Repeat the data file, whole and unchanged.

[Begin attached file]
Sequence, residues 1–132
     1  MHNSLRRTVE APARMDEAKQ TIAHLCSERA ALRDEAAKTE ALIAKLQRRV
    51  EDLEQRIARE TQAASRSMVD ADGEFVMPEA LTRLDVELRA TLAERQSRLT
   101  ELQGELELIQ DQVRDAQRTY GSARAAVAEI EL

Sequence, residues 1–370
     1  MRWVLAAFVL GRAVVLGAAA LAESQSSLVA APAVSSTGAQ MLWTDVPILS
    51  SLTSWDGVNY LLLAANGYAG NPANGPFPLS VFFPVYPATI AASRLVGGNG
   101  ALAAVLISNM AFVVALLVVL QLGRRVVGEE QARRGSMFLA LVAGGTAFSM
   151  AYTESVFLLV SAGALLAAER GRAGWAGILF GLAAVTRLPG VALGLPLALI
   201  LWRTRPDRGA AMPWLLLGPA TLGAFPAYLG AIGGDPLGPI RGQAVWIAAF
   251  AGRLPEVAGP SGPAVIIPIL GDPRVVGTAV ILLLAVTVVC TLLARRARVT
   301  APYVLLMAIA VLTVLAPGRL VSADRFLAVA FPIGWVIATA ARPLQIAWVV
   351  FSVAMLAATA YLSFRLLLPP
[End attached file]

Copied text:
Sequence, residues 1–132
     1  MHNSLRRTVE APARMDEAKQ TIAHLCSERA ALRDEAAKTE ALIAKLQRRV
    51  EDLEQRIARE TQAASRSMVD ADGEFVMPEA LTRLDVELRA TLAERQSRLT
   101  ELQGELELIQ DQVRDAQRTY GSARAAVAEI EL

Sequence, residues 1–370
     1  MRWVLAAFVL GRAVVLGAAA LAESQSSLVA APAVSSTGAQ MLWTDVPILS
    51  SLTSWDGVNY LLLAANGYAG NPANGPFPLS VFFPVYPATI AASRLVGGNG
   101  ALAAVLISNM AFVVALLVVL QLGRRVVGEE QARRGSMFLA LVAGGTAFSM
   151  AYTESVFLLV SAGALLAAER GRAGWAGILF GLAAVTRLPG VALGLPLALI
   201  LWRTRPDRGA AMPWLLLGPA TLGAFPAYLG AIGGDPLGPI RGQAVWIAAF
   251  AGRLPEVAGP SGPAVIIPIL GDPRVVGTAV ILLLAVTVVC TLLARRARVT
   301  APYVLLMAIA VLTVLAPGRL VSADRFLAVA FPIGWVIATA ARPLQIAWVV
   351  FSVAMLAATA YLSFRLLLPP